But the reality is—and the incident on Dutch TV confirms this—that offensive references to Chinese people remain common in popular culture. A doctoral student who sings opera on the side is casually mocked for his racial similarity to Chinese immigrants who work in restaurants. A boy calling on everyone in a country to be killed is just an innocent, amusing comment from a little rugrat. And it isn't just China, either: In September, a CNBC host in employed a mocking Indian accent to discuss the value of the rupee, India's currency. So it goes.

In March, my colleague Ta-Nehisi Coates wrote an op-ed in The New York Times discussing an incident in which the African-American actor Forest Whitaker was stopped and frisked in a Manhattan deli by the owner, who didn't recognize him and suspected him of shoplifting. Once the owner recognized Whitaker, he was mortified—because he didn't consider himself a racist. Wrote Ta-Nehisi:

The idea that racism lives in the heart of particularly evil individuals, as opposed to the heart of a democratic society, is reinforcing to anyone who might, from time to time, find their tongue sprinting ahead of their discretion.

That applies in the case of anti-Chinese racism, too: It isn't just that the Dutch TV personality is a jerk (though, frankly, he seems to be), or that Jimmy Kimmel and his producers are particularly insensitive (they might be, though having watched the show I doubt it). It's that we still live in a society where these sentiments still arise, and that these "slip-ups" occur with numbing regularity.  

These events have real consequences, too, in how Chinese people see the United States. Consider this poll conducted by the Chinese news broadcaster Phoenix TV about the Kimmel incident, which was helpfully translated by ChinaSmack. When asked whether they believed they believed "the 'kill everyone in China' remark said by the 6-year-old child on the television program was by chance," a large majority (62 percent) said that "this is the negative consequences borne by the long-term dissemination of the notion of a Chinese threat/menace on public platforms at all levels of American society."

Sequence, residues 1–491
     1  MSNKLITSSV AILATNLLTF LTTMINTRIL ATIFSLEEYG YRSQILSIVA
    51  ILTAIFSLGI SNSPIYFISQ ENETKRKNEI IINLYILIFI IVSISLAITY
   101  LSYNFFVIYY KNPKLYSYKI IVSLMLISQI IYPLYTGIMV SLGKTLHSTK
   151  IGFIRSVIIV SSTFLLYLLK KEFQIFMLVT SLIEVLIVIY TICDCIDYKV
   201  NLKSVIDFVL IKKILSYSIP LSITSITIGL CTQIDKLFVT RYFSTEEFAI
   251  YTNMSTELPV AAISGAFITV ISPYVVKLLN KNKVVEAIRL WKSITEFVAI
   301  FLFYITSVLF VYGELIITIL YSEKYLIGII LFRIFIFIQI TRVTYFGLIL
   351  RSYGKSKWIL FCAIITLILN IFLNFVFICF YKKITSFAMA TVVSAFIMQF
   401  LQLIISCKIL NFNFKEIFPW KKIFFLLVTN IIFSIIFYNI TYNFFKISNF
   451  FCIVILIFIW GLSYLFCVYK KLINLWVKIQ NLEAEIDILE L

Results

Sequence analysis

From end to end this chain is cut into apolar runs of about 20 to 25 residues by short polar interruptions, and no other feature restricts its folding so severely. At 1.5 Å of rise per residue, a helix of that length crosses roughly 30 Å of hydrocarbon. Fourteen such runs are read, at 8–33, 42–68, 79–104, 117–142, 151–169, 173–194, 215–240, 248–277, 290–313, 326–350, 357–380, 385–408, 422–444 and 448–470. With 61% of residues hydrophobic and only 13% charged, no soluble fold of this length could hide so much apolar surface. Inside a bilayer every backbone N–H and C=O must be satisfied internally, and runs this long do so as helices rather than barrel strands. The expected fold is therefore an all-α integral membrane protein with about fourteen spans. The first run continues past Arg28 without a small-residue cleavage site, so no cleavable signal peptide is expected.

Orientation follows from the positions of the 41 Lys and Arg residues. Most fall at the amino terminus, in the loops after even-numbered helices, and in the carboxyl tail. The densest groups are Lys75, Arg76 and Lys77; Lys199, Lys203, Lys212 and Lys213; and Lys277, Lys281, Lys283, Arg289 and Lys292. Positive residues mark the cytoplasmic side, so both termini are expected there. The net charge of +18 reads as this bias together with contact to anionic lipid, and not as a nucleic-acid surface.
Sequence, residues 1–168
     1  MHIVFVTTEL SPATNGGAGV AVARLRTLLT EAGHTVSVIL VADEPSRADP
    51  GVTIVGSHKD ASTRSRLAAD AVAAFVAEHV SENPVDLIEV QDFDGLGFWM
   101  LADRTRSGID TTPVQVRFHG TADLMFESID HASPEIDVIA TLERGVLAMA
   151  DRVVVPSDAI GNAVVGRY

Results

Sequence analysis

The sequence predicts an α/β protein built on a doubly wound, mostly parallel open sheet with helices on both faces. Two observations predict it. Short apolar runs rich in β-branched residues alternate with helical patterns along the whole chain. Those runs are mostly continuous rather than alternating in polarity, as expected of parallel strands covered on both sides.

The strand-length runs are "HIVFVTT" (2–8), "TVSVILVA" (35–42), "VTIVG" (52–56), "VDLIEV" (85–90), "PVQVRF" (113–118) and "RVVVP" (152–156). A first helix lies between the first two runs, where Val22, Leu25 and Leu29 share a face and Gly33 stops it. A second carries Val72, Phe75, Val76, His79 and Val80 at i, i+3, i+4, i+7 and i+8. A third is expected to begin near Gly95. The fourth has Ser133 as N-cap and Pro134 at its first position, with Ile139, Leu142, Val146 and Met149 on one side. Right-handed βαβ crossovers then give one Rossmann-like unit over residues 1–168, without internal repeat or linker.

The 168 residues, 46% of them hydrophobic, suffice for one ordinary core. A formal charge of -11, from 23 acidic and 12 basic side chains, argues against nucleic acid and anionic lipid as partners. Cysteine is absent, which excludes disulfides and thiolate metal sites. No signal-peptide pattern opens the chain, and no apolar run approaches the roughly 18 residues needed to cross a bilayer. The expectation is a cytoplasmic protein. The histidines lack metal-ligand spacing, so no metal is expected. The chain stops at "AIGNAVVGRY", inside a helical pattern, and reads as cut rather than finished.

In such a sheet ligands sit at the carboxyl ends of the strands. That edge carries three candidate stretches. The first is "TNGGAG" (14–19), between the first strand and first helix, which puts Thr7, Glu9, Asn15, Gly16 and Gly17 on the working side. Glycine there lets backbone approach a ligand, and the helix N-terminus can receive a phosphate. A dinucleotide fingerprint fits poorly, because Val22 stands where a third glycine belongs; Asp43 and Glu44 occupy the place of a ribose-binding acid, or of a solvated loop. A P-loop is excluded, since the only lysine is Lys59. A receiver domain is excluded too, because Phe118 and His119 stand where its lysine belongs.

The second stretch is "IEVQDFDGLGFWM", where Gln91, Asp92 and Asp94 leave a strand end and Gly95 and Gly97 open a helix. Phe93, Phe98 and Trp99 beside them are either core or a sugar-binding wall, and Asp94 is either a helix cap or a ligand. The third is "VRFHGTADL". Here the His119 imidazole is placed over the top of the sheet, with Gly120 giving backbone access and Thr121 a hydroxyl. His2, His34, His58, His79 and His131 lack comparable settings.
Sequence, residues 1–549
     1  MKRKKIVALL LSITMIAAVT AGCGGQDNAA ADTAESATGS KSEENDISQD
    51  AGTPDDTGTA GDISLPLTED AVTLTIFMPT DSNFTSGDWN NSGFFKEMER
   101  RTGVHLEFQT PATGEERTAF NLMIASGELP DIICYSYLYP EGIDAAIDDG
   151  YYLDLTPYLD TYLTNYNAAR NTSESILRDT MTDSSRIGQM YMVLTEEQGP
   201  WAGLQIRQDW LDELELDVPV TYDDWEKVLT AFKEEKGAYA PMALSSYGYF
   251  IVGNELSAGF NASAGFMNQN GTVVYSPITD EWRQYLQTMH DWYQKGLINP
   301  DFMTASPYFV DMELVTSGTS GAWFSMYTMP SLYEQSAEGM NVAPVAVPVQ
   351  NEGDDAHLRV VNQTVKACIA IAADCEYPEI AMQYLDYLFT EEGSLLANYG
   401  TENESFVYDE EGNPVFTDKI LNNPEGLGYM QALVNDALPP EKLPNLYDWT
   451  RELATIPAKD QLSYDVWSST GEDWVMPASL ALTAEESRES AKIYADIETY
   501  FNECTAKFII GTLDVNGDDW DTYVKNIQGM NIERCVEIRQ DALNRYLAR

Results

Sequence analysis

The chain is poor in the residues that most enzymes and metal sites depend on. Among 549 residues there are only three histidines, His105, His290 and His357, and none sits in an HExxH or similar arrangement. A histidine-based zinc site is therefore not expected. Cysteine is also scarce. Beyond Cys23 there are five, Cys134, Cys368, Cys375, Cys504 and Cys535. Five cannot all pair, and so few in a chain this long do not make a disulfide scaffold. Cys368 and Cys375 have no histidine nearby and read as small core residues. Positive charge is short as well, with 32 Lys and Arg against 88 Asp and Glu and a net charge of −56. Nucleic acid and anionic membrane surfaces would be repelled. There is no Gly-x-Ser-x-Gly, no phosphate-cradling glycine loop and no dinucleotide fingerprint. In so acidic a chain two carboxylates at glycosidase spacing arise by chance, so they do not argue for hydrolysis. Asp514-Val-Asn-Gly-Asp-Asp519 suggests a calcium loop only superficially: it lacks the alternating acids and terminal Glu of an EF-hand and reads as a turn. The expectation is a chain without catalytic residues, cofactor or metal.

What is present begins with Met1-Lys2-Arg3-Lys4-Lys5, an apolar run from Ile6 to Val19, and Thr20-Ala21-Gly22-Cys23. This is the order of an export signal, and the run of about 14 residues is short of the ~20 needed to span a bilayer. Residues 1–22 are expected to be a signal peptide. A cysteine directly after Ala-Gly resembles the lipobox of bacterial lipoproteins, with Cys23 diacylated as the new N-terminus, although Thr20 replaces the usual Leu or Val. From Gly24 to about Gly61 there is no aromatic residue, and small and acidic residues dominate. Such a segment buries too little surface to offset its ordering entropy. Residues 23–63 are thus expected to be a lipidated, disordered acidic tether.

Elsewhere in the poll, nearly a third of respondents believed that "America's media and education are currently slipping toward extreme anti-China sentiments." 83 percent of the respondents believed that the American media owed China and Chinese people an apology; hence, it isn't particularly surprising that ABC and Kimmel went ahead and did so.

Kimmel's termination—or Heuckeworth's—won't ensure that anti-Chinese racism will go away. But the point in calling for them isn't to provide a proportional solution to a discrete problem. It's to raise awareness that this issue—both in the U.S. and around the world—is worse than most people realize. 

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Matt Schiavenza is a former associate editor at The Atlantic